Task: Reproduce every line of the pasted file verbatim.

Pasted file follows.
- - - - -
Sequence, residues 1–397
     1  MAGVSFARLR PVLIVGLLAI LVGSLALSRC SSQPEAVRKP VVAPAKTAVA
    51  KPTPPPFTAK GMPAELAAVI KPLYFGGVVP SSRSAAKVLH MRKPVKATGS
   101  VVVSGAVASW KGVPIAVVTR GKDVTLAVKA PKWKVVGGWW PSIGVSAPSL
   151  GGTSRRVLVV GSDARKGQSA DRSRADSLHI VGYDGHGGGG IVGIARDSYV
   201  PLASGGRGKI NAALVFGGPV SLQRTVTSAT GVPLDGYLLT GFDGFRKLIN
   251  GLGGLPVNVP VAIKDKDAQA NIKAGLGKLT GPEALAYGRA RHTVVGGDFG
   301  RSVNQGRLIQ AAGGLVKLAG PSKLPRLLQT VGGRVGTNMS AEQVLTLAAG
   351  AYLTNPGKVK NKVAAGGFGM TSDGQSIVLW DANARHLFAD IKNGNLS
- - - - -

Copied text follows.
Sequence, residues 1–397
     1  MAGVSFARLR PVLIVGLLAI LVGSLALSRC SSQPEAVRKP VVAPAKTAVA
    51  KPTPPPFTAK GMPAELAAVI KPLYFGGVVP SSRSAAKVLH MRKPVKATGS
   101  VVVSGAVASW KGVPIAVVTR GKDVTLAVKA PKWKVVGGWW PSIGVSAPSL
   151  GGTSRRVLVV GSDARKGQSA DRSRADSLHI VGYDGHGGGG IVGIARDSYV
   201  PLASGGRGKI NAALVFGGPV SLQRTVTSAT GVPLDGYLLT GFDGFRKLIN
   251  GLGGLPVNVP VAIKDKDAQA NIKAGLGKLT GPEALAYGRA RHTVVGGDFG
   301  RSVNQGRLIQ AAGGLVKLAG PSKLPRLLQT VGGRVGTNMS AEQVLTLAAG
   351  AYLTNPGKVK NKVAAGGFGM TSDGQSIVLW DANARHLFAD IKNGNLS